If we are sincere about addressing the power issue and stopping our treasury from continuing to service the pot bellies of the buccaneers, let us conduct a wholesale forensic and technical audit of the entire industry. We need to identify whatever is responsible for this shocking state of the sector, re-negotiate the suicidal deals we signed (the coronavirus pandemic will, hopefully, provide a force majeure), align the necessary elements, and take the critical steps to help Buhari’s renewed power initiative achieve the outlined goals and objectives. Renationalising the DisCos through the backdoor does not look like the magic formula to me. Let us not frog-jump from frying pan to fire.

I’d be honest and confess that I am enjoying stable power supply where I live. Our estate has an agreement with Ikeja Electric which is going very well despite a few hitches — caused mostly by you-know-who: the TCN. We are not under MYTO, so we pay double the regulated tariff, and we are guaranteed at least 20 hours of power supply daily. Faults are attended to as a matter of priority. I only buy diesel once in a long while. The noise pollution is close to zero most of the month. But my joy is not full: this should be the story all over the country, not in my little residential area. Until this becomes the rule rather than the exception, Nigerians will keep groping in the dark. Literally.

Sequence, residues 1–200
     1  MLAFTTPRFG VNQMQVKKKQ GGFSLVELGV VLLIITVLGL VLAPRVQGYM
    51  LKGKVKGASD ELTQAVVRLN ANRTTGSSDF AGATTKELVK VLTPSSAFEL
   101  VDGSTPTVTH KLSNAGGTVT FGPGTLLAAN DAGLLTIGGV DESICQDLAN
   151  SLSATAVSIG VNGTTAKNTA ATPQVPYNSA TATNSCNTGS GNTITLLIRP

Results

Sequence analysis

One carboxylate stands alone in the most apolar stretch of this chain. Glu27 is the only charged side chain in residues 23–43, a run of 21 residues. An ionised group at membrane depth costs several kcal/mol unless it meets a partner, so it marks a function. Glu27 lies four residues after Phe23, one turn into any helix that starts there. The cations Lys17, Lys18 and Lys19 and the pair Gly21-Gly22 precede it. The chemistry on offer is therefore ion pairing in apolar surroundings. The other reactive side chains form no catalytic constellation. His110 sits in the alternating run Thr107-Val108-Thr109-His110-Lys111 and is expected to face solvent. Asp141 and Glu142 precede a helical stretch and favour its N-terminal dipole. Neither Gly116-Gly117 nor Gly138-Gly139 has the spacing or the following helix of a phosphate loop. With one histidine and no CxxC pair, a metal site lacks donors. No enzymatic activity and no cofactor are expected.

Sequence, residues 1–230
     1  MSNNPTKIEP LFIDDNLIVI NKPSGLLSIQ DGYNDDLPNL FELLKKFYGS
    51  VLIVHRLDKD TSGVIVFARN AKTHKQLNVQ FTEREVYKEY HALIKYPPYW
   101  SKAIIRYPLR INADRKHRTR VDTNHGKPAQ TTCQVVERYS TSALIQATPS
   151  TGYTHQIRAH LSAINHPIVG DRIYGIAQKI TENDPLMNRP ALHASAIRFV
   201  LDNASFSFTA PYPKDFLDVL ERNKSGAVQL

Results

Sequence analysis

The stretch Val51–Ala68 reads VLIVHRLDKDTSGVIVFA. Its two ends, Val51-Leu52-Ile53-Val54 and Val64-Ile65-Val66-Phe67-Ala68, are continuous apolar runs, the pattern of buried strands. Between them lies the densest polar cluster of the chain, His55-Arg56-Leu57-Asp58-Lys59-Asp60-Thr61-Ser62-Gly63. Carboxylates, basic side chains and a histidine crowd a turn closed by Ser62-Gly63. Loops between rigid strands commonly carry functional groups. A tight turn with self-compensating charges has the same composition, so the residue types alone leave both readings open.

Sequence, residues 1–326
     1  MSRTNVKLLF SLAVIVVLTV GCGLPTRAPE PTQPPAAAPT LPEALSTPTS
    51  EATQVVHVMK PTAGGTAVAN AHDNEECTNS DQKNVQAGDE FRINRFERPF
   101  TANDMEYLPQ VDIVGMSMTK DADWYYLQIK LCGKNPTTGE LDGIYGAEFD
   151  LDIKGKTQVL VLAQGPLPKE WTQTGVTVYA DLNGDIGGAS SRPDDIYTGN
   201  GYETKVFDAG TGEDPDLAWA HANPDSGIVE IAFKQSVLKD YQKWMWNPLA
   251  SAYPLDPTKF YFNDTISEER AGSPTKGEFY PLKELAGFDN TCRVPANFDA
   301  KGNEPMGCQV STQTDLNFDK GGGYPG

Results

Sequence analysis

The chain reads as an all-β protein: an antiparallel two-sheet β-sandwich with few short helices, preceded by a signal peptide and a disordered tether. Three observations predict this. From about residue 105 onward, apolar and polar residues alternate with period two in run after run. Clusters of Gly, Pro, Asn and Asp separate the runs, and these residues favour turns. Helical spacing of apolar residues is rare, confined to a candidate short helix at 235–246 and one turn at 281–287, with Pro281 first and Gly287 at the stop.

President Buhari effectively took charge of the flailing All Progressives Congress (APC) on Thursday, chairing a meeting of the national executive committee (NEC) to dissolve the national working committee (NWC) led by Comrade Adams Oshiomhole. The ruling party was going down the drain on a free fall and the president appeared not concerned about the fortune of the platform that brought him to power. He finally acted. It would appear the dissolution of NWC would hurt one faction and favour another, but I would rather see this as an opportunity for the party to reconcile and rebuild. How the party handles the next few months and contending forces will determine its future. Tricky.